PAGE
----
In June 1978 the excavation of the Qin Terracotta Warriors and Horses discovered two large-sized bronze chariots. At the time of being brought out the two chariots were already crushed to pieces, the former chariot (which was later called No. 1 chariot) being shattered to some 3,000 pieces while the latter ( later called No. 2 chariot) some 1, 555 pieces. Through 15 months of hard work No. 2 bronze chariot was restored to its original shape and was put on display on Oct.1, 1983. And as No. 1 bronze chariot was severely damaged it is difficult to reshape it. So it underwent a whole 5 years to bring the work to finish and the chariot was opened to the public on display on the first of May 1988. Decorated with a lot of silver and gold pieces the two bronze chariots and horses used the silver bolts as wheel-fixer, silver-plated awning, gold wine-jar stands and gold-and-silver bridles, horse-reins and neckbands as well. Each chariot uses a little more than 7. 5 kilograms of gold and silver. For No. 2 chariot alone the decorative articles made of gold add up to 737 pieces and those of silver 983 pieces. The two chariots are really splendid and full of grandeur.

Terracotta Warriors and Horses, a Textbook of Imperial Burial System in Ancient China
The ancient people in China thought that death was another form of living, holding a view that the soul was inextinguishable when a person passed away, supposing that he will live on in another world as did in this world. And so when a person died people would make by imitation an environment to suggest what used to be when the dead was still alive, keeping him accompany with figures or some other articles fro use. Therefore, to bury the dead in a pompous way was in great vogue among the royal families and lords, being treated with a great number among of burying articles and figures or even burying the living for the dead in order to keep them company in the nether world. In China’s old days the Qin Terracotta Warriors and Horses of a very large scale stand out an extraordinary color in the custom of burying the living for the dead. The creation has opened up a new style and form in breaking through the hoary system of the old burial rites. Thus it helps hasten the development of using the terracotta or wooden figure and horses to take the place of real persons and horse, i.e. to quicken the dying-out of the old custom and also helps the progress of a civilized burial system. It is certainly of great significance in the development of burial rites in China’s ancient times. The burial customs and rites are something that belongs to the category of sociology, being a component part of ancient culture. So it is beyond doubt that the formation system of the Qin Terracotta Warriors and Horses is not only a component part of the Qin burial system, but an aspect of the Qin culture as well.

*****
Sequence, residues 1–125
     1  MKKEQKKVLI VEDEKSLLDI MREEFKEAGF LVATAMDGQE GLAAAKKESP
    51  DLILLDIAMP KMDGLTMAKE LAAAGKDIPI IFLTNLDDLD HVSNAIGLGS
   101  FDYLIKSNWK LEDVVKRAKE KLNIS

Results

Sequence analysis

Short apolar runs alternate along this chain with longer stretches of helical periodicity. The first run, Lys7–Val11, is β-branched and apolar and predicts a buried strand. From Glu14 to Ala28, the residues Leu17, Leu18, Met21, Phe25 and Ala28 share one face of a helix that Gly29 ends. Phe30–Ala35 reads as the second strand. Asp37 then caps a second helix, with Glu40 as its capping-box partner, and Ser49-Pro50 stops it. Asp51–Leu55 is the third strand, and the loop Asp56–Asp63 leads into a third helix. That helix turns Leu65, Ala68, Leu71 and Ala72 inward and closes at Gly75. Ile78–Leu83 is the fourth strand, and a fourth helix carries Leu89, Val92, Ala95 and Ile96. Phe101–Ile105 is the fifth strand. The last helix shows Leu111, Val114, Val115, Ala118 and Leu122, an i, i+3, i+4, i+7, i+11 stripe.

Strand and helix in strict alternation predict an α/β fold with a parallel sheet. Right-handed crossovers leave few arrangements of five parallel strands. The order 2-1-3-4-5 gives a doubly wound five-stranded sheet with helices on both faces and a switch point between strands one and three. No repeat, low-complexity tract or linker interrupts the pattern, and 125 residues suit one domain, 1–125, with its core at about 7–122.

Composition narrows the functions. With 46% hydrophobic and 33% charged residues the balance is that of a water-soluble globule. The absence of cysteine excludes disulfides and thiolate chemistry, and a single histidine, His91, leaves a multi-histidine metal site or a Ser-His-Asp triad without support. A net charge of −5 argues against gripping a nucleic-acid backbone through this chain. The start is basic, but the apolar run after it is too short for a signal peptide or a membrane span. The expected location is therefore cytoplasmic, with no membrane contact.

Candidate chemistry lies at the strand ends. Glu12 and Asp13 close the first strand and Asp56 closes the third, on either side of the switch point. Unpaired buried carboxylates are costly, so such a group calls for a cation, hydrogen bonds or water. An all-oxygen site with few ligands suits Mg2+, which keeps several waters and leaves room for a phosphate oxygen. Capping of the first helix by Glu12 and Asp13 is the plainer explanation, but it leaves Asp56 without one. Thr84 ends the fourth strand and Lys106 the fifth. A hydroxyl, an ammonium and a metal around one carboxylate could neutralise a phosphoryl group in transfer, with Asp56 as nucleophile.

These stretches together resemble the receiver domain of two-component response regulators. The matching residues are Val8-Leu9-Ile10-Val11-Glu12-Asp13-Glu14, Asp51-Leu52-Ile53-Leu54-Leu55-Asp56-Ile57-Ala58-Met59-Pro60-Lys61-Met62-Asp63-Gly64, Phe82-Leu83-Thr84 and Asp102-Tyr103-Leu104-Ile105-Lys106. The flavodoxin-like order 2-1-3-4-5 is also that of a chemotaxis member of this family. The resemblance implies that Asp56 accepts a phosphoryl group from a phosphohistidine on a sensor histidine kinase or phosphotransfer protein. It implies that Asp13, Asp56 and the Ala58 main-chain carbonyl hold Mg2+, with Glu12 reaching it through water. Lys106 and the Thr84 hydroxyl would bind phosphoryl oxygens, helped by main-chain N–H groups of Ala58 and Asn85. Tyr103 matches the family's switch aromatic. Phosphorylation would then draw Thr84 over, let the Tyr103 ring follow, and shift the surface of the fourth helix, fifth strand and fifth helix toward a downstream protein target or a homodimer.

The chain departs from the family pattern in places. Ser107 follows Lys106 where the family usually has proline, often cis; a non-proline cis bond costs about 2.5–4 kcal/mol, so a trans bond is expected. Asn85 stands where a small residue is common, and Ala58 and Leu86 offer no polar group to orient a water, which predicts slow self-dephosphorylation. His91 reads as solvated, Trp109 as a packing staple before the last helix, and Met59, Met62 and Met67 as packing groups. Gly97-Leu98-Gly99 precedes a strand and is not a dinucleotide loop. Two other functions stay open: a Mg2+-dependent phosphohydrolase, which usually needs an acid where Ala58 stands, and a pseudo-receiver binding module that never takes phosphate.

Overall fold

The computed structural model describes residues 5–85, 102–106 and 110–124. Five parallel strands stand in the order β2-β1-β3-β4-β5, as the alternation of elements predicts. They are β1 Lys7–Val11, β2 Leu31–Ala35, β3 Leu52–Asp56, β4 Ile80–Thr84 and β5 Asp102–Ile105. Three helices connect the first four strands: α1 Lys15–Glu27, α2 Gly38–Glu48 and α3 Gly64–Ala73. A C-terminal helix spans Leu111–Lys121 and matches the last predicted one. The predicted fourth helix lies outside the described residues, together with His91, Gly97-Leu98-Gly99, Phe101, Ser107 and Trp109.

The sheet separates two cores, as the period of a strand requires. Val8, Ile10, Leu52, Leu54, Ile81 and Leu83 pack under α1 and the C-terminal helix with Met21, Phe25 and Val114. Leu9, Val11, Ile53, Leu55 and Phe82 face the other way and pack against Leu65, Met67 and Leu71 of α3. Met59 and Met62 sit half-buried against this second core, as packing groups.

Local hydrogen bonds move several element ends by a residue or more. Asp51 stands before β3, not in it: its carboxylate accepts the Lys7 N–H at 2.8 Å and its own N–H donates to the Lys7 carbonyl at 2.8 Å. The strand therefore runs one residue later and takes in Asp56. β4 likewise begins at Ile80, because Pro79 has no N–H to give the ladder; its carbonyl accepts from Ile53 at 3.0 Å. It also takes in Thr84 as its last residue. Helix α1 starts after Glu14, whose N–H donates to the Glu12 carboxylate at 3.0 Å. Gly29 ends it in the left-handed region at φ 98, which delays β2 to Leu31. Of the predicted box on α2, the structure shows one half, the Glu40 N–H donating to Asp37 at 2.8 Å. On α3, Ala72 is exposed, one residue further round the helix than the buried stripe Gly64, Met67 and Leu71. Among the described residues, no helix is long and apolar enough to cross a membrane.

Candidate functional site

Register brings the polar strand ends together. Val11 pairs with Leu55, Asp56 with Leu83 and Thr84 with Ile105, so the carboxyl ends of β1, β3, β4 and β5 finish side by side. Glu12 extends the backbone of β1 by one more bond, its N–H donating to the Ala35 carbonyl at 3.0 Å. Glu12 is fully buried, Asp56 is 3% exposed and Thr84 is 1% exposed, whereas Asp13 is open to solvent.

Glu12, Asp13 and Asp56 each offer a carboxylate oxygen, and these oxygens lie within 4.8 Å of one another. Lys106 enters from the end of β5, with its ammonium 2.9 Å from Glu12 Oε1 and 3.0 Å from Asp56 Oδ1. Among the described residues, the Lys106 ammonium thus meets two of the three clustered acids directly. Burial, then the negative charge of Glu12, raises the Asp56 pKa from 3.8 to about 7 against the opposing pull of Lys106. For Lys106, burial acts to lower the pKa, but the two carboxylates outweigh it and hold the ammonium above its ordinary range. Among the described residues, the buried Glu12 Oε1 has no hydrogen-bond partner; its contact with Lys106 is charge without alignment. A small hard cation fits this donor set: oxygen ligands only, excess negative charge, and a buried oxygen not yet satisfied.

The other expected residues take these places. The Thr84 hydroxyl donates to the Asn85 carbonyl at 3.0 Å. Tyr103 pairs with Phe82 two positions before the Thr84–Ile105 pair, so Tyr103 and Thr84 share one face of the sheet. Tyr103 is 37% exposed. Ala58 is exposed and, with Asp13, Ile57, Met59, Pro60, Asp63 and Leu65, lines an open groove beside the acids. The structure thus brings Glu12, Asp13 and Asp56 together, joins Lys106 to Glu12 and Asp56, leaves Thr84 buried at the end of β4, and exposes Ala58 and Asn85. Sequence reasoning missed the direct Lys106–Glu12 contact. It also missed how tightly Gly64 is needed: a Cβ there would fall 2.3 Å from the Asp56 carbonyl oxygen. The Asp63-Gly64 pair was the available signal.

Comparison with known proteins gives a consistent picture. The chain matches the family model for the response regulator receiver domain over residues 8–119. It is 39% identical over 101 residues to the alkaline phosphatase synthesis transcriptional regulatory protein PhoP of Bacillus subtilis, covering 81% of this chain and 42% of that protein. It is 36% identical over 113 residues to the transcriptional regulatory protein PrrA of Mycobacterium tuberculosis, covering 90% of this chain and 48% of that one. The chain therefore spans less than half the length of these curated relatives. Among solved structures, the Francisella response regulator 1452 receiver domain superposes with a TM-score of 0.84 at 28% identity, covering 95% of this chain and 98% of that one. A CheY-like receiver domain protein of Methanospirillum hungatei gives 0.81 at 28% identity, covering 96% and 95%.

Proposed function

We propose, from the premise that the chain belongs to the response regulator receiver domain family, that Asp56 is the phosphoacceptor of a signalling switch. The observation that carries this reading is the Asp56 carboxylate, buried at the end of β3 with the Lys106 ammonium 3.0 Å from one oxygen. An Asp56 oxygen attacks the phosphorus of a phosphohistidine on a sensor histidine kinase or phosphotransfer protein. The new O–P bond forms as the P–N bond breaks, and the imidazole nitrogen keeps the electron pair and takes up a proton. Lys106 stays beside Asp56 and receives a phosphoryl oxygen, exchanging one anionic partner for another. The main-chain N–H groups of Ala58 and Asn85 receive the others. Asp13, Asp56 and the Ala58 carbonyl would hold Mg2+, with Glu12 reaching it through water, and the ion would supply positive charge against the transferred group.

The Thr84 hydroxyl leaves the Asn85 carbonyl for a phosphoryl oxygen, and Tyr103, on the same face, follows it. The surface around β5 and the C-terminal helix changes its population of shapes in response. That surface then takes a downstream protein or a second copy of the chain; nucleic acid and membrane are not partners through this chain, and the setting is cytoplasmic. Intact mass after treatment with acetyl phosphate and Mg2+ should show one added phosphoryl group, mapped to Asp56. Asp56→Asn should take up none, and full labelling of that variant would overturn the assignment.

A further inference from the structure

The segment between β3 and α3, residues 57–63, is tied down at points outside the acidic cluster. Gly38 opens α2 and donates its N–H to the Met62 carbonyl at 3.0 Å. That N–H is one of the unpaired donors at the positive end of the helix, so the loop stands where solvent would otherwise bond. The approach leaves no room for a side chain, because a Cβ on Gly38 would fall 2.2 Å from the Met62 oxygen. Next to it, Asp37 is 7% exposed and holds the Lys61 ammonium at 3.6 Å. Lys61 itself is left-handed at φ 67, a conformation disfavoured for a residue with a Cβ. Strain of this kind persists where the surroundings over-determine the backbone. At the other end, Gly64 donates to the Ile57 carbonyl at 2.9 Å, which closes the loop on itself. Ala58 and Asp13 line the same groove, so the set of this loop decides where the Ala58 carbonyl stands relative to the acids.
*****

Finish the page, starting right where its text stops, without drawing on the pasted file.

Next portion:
Terracotta Warriors and Horses

Entrance Fee:
March 1st-November 30th : RMB150 per person; December 1st-February 28th(29th): RMB120 per person

Opening hours: March 16th -November 15th: 08:30-18:00; November 16th-March 15th: 08:30-17:30

Public transportation:
Bus 游5(306)on East Square of Xian Train Station and get off at Bingmaong (Terracotta Warriors and Horses).
Bus No. 307 from the south gate of the Tang Paradise and get off at Bingmayong (Terracotta Warriors and Horses)

Tips for Terracotta Warriors and Horses Visiting:

 

  • Advised visiting time in the museum is 2.5-3 hours.
  • If you travel independently, afternoon would be the good time to visit here. Because in the morning the museum is usually crowded with group tourists.
  • The last bus back to downtown Xian departs Terracotta Warriors and Horses at 19:00. Please end the visit by 18:00 to make sure you could catch the bus.
  • Tourists are forbidden to go down to terracotta pits to visit. Please visit through the appointed visiting path.

Tours including Terracotta Warriors and Horses:

Xian Highlight Day Tour

One Day Xian Bus Tour

2 Days Xian Exploration Tour

1 Day Beijing Xian Tour by Flight

2 Days Shanghai Xian Tour by Air